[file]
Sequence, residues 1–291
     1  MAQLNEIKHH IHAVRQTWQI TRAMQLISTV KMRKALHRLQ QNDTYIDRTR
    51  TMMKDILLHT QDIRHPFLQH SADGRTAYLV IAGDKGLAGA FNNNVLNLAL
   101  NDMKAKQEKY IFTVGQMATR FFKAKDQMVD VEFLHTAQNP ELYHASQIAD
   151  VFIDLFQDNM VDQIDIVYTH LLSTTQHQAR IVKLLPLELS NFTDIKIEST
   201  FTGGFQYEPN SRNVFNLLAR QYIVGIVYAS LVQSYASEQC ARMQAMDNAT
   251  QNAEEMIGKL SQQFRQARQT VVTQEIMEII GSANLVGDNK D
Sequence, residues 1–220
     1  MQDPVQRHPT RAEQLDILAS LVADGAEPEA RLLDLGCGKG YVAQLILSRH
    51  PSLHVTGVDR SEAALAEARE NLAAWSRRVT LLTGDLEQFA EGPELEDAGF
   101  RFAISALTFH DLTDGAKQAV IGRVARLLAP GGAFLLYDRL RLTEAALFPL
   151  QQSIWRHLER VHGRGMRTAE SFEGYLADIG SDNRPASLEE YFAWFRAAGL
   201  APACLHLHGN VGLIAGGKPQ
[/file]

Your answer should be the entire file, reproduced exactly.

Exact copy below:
Sequence, residues 1–291
     1  MAQLNEIKHH IHAVRQTWQI TRAMQLISTV KMRKALHRLQ QNDTYIDRTR
    51  TMMKDILLHT QDIRHPFLQH SADGRTAYLV IAGDKGLAGA FNNNVLNLAL
   101  NDMKAKQEKY IFTVGQMATR FFKAKDQMVD VEFLHTAQNP ELYHASQIAD
   151  VFIDLFQDNM VDQIDIVYTH LLSTTQHQAR IVKLLPLELS NFTDIKIEST
   201  FTGGFQYEPN SRNVFNLLAR QYIVGIVYAS LVQSYASEQC ARMQAMDNAT
   251  QNAEEMIGKL SQQFRQARQT VVTQEIMEII GSANLVGDNK D
Sequence, residues 1–220
     1  MQDPVQRHPT RAEQLDILAS LVADGAEPEA RLLDLGCGKG YVAQLILSRH
    51  PSLHVTGVDR SEAALAEARE NLAAWSRRVT LLTGDLEQFA EGPELEDAGF
   101  RFAISALTFH DLTDGAKQAV IGRVARLLAP GGAFLLYDRL RLTEAALFPL
   151  QQSIWRHLER VHGRGMRTAE SFEGYLADIG SDNRPASLEE YFAWFRAAGL
   201  APACLHLHGN VGLIAGGKPQ